The British Museum is a flagship cultural institution with 2013 expenditures of £115.4 million (~$186.2 million). It is also, according to a current online listing, seeking free help on its website and other “products” from experienced coders in the guise, naturally, of an unpaid internship or “student placement” with its “Digital Team.”
“This is an ideal opportunity for students or recent graduates in Computer Science, Information Technology and Web Development,” the listing writes, enumerating three of the most valuable skills in this benighted post-whatever economy. Not to worry! Trading on prestige should allow the British Museum to break down any barriers of remuneration that might normally exist between such valuable technical labor and its “key digital products and … new digital strategy.”
Bearing in mind that the digital department at the British Museum is not likely to be pedagogically valuable in the same way the institution’s curatorial or conservation departments might be, we turn our eye to the three responsibilities outlined in the ad:
- “Assisting staff developers with updating the code on the museum’s website”
- “Researching solutions for technical problems and new web and mobile products”
- “Participating in brainstorming about new digital products”
The first two are rote tasks (updating and troubleshooting) that clearly replace paid functions within the museum’s staff (which is US labor law’s standard for internship legality, and maybe the UK’s too); the last is so nebulous as to be virtually meaningless.
This isn’t the first time British arts institutions have exhibited an unreasonable penchant for unpaid peons, with the Serpentine Gallery drawing protest from an activist group called Future Interns last December. The objection was successful, however, and the Serpentine instituted a paid program in response; the group also made similar headway with the London Symphony Orchestra.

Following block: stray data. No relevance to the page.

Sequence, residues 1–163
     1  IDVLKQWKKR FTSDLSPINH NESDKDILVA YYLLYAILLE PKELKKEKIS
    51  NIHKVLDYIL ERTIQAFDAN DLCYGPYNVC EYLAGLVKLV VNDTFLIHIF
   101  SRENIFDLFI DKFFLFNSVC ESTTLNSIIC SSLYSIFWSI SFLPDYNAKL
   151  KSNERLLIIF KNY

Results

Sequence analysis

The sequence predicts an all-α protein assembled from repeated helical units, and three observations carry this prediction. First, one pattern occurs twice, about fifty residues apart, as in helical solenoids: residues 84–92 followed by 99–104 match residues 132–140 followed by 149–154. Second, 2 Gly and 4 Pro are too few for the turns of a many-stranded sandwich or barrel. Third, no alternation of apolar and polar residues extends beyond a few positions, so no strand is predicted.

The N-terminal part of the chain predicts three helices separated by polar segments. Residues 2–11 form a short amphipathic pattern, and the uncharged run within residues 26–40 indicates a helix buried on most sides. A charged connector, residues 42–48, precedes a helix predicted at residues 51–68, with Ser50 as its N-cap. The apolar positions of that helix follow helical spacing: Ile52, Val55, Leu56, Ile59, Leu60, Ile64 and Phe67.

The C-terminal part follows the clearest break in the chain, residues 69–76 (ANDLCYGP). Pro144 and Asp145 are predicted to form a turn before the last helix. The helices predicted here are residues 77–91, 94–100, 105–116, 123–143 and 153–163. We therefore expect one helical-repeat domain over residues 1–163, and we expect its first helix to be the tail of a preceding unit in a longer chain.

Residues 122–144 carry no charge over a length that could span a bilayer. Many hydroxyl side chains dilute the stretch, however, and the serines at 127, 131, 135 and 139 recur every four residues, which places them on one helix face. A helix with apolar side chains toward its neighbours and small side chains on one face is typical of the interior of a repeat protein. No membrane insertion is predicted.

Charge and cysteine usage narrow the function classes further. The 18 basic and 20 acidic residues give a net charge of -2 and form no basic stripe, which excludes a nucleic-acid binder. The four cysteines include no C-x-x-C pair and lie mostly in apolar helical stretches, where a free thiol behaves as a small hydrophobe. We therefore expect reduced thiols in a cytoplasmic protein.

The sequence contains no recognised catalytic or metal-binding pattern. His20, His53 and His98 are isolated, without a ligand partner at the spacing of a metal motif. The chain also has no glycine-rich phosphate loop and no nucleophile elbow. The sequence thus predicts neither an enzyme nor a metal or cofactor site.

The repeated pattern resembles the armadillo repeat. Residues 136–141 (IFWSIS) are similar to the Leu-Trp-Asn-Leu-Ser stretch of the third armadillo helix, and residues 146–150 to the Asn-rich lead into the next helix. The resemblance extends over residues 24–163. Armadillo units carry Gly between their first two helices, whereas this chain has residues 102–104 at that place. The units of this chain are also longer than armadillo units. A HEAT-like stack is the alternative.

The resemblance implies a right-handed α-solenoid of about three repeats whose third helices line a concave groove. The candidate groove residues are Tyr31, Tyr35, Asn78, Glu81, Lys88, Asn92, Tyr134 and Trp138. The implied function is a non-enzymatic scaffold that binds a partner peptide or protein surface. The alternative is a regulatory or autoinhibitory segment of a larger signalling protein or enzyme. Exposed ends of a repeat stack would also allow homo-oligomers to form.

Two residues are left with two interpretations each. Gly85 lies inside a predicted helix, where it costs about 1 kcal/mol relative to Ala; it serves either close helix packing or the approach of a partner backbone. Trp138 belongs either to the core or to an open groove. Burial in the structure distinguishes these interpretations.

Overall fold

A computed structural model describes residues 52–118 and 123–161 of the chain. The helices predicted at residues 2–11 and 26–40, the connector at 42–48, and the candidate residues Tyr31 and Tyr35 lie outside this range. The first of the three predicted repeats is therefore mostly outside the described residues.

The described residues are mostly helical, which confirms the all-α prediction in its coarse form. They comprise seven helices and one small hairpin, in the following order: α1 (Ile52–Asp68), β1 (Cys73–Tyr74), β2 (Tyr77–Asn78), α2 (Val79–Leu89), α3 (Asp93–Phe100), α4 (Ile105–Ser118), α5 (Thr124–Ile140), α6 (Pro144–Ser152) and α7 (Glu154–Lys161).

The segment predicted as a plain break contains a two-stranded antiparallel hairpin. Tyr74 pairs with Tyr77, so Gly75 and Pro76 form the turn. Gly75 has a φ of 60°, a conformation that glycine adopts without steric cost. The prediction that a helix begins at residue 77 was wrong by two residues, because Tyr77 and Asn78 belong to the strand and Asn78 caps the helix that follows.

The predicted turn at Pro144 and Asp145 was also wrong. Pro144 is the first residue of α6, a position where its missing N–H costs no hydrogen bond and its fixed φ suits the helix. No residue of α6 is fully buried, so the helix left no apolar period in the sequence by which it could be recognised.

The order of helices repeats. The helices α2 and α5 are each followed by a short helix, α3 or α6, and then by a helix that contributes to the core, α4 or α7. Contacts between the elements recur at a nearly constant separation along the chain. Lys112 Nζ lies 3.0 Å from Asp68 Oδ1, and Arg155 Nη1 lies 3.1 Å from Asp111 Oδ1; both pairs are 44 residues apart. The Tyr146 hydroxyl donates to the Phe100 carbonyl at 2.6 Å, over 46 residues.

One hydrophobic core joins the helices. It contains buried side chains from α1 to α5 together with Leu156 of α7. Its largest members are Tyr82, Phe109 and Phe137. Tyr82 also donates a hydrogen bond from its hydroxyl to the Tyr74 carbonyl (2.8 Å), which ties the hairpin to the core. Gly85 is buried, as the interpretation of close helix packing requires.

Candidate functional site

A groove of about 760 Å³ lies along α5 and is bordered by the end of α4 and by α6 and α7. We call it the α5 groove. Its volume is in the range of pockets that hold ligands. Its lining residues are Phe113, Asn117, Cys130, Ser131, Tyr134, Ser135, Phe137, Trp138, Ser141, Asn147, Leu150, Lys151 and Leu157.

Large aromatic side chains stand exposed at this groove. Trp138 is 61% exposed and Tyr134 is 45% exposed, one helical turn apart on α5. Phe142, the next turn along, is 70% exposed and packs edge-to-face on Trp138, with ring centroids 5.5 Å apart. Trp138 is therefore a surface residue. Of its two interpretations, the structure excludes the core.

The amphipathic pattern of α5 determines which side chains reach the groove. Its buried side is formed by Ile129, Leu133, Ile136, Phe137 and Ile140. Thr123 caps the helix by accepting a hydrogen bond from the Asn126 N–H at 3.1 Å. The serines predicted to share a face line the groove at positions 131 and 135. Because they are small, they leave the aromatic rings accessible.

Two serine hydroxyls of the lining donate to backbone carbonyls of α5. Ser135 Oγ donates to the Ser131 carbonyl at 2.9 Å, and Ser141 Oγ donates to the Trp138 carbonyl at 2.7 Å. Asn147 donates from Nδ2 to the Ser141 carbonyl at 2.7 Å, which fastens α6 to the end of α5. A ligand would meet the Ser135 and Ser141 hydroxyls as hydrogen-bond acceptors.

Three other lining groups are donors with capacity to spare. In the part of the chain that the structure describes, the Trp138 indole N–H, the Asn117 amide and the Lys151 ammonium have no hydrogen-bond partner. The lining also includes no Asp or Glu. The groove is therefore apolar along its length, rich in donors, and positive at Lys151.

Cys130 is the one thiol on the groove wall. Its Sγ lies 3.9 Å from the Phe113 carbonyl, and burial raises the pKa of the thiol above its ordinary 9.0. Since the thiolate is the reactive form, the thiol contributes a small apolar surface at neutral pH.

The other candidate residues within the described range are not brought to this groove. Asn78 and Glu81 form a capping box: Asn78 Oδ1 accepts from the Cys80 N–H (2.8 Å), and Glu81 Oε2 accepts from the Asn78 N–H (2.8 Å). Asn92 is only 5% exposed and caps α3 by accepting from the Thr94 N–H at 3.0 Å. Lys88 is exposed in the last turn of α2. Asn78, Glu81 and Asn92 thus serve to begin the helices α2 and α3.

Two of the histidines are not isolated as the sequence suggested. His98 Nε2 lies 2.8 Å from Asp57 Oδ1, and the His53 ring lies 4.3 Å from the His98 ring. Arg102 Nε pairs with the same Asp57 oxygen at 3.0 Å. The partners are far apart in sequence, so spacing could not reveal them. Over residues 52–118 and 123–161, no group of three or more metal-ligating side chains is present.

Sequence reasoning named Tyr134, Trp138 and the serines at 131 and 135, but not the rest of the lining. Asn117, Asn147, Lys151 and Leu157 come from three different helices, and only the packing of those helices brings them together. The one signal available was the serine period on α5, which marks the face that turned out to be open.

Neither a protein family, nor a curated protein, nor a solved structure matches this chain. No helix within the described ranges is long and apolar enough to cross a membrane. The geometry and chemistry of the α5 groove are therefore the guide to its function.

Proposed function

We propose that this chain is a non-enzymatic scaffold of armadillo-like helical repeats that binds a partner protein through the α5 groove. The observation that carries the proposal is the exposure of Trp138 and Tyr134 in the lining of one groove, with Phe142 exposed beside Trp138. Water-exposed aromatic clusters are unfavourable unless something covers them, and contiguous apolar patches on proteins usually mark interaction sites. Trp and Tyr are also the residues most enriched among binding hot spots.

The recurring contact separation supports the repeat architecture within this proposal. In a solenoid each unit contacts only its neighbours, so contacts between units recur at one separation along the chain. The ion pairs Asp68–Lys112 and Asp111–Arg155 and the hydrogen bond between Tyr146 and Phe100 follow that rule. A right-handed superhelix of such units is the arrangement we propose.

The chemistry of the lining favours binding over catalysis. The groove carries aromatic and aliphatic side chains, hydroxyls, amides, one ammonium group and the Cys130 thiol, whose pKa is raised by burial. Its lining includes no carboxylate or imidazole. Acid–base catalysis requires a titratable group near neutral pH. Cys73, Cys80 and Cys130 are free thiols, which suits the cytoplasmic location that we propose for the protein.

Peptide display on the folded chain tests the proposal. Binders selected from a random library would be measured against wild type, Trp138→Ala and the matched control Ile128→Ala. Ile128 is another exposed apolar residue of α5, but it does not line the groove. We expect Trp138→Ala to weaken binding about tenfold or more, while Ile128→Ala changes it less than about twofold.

And although one might argue that the British Museum listing is geared to the British “student placement” system, the ad clearly solicits applications from graduate students and recent graduates, as well as non-EU citizens (“Non-EU citizens must arrange their own visa to stay in the UK”). Anyway, no need to belabor the point: turn your attention to this great editorial illustration from Matt Bors on the whole internship morass.
Update, 9/9 5:52pm EDT: The listing we originally linked to, at Museums and the Web, seems to have been taken down, apparently prematurely — the posting cited an end date of September 10. Here’s a PDF of the British Museum listing as it originally appeared.
Update 2, 9/10 10:26am EDT: In a message from its official Twitter account earlier this morning, the British Museum stated that the listing has been retracted: “We can confirm that this posting has now been removed. The Museum does not support unpaid internships.” (The British Museum did not respond to a direct request for comment sent yesterday, when the listing was originally taken down.) Screenshot follows below.
Update 3, 9/11 11:01am EDT: The British Museum’s Hannah Boulton has responded to Hyperallergic’s September 9 query regarding the disappearance of the listing with the following:
You are correct that the posting has been removed. The Museum has a very firm policy in this area and does not support unpaid internships.
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